Improving the health care of a country is a worthy cause and a goal worth working toward for its own merits.
When positive changes to health care are linked to growth in the country’s economy as well, the benefits to improving health care are overwhelming, particularly in developing nations.
Health and its economic impacts
The influence that improved health care can have on the economy of a developing nation begins at the level of its children. Students who are in poor health have a higher rate of absenteeism from class due to their illness, which negatively affects their ability to learn.
Those students who are suffering from malnutrition, parasites, or disease have a lowered ability to focus and worse results on cognitive tests than a healthy student would, in addition to lowered fine motor skills and movement ability in general. As children progress through their schooling with these impairments on their performance, the overall benefit of their education is lessened because of the factors working against them. Not only are the students less able to learn and taking less knowledge away from their schooling, but if the malnutrition and disease follow the child into adulthood, so will the negative effects associated with the conditions.
As a whole, citizens who are in good health have been shown to be more productive, thus working more, earning more, and consuming more for a longer period of time. In addition to individual contributions, better health for a population also means that less money will be spent on healthcare at every level, from private to government spending. Having improved healthcare options also creates jobs and contributes positively to the employment market, creating an opportunity for more revenue and more consumer activity.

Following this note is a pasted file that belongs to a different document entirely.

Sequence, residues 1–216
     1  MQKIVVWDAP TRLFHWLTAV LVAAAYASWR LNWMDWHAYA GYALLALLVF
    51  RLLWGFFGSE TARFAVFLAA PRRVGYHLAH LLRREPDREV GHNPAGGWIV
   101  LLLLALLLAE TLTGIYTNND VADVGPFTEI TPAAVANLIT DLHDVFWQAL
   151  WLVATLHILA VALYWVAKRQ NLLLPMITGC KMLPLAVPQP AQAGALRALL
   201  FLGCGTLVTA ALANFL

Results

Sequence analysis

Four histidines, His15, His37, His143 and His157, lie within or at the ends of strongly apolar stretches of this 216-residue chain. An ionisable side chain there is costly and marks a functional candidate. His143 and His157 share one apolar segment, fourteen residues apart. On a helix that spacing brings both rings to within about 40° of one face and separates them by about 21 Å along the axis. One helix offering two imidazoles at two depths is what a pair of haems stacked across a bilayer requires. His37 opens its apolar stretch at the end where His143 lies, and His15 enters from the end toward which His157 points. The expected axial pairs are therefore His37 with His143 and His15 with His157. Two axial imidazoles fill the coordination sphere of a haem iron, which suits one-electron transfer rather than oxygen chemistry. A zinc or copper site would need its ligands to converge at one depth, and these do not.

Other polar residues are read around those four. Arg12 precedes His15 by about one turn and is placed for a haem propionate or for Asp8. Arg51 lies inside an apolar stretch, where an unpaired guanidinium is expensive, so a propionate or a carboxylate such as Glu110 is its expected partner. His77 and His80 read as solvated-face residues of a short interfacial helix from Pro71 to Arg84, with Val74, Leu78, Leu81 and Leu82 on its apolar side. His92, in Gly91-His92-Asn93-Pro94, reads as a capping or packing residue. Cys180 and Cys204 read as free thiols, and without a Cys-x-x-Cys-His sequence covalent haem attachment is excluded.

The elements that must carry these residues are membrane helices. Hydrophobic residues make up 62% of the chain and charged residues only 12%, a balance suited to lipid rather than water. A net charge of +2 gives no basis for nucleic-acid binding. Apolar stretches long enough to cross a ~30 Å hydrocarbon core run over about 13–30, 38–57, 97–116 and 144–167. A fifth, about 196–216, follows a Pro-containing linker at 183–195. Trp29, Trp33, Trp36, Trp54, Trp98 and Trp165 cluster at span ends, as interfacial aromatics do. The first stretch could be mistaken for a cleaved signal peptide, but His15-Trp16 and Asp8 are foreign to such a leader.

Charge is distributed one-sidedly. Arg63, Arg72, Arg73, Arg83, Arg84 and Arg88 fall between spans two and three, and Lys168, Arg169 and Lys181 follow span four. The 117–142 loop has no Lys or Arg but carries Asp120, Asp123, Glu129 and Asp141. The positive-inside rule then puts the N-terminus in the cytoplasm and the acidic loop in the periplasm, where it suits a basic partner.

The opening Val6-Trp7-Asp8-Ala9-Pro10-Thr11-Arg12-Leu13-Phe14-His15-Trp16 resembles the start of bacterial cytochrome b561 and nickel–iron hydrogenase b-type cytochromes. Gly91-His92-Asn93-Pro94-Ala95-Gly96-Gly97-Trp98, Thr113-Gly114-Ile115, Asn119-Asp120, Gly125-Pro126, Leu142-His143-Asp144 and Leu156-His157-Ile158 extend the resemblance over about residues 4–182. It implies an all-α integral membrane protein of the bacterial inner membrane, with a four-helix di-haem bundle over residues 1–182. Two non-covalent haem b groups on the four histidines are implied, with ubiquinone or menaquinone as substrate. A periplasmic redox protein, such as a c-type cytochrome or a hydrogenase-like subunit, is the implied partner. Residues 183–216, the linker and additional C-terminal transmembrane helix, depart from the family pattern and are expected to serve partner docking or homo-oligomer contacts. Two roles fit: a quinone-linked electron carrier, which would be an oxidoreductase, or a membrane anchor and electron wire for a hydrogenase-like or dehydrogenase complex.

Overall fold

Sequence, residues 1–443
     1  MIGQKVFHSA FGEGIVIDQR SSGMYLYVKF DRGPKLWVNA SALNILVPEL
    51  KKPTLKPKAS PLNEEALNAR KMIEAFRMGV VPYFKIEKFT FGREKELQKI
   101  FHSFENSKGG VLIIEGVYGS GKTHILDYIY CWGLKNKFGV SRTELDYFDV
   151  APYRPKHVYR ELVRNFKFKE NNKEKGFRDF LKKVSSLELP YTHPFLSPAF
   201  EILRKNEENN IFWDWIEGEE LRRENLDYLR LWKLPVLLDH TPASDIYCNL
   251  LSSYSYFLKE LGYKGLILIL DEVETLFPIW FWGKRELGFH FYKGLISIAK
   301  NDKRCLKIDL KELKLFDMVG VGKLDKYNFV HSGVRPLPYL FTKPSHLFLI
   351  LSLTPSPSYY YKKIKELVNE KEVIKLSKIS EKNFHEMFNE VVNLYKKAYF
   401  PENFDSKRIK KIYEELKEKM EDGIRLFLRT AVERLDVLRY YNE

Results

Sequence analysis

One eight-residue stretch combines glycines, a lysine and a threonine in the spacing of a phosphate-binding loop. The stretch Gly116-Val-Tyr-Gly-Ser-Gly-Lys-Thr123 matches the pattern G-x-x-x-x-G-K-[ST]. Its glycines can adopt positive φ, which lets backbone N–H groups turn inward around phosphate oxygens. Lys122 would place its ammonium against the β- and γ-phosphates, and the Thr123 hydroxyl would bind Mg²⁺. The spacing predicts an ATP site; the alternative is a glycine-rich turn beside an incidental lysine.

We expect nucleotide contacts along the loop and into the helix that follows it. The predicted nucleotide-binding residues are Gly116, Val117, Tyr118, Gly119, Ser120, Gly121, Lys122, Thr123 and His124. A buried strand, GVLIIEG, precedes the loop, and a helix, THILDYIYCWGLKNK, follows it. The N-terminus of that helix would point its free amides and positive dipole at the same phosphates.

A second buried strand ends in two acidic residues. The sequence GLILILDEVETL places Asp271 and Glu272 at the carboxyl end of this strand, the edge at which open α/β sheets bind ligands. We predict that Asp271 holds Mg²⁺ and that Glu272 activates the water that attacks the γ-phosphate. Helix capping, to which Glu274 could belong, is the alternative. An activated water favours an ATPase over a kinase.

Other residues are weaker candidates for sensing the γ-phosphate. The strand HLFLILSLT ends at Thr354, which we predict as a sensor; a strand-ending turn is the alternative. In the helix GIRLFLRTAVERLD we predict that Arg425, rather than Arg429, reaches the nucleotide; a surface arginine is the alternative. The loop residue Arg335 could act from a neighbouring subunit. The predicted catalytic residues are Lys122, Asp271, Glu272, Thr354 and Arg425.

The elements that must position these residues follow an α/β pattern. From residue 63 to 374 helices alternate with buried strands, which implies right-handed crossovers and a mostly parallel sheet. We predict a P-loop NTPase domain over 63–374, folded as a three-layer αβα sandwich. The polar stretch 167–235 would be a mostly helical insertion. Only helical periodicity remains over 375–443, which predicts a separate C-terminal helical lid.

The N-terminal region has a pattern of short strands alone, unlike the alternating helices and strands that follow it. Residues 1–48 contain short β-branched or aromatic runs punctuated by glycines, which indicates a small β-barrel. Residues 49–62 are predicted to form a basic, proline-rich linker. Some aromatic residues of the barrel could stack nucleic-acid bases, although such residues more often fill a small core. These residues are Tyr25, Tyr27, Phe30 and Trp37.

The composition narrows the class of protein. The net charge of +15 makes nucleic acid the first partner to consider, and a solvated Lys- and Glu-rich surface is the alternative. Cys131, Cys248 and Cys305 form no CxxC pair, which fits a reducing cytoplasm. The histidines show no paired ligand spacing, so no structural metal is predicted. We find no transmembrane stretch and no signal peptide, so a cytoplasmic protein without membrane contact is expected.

Health care working to improve the economy
In the Middle East, the development of healthcare infrastructure and increasing healthcare service demand as well as demographics more able to seek healthcare have created a market with the potential to yield even more economic growth. Money has been bolstering healthcare and as a result improving the economy. This money has been primarily entering through businesses and their employment, as is the case with Fahad Al Rajaan, who has provided employment opportunities and revenue for the Middle East through success in the investment sector. Valuable info on Fahad Al Rajaan and his work can be found in his bio.
Studies in Africa have also shown the link between improved healthcare and economic growth. An addition of 21 to 36 dollars per person in sub-Saharan Africa could save three million lives and lead to billions in benefits as a result. An extra year of life for the population is also projected to add a 4% increase in the GDP. An important factor in the process is supporting healthcare systems that take advantage of the technology available and investing in national healthcare strategies that will work and provide the expected returns.
Improving the healthcare of a country, especially those in developing status where the change is most drastic, offers a wealth of positive outcomes. From improved lifespans and lifetime earning potential of the citizens to the education potential of the country’s youth, benefits from improved healthcare in turn create growth for the country’s economy.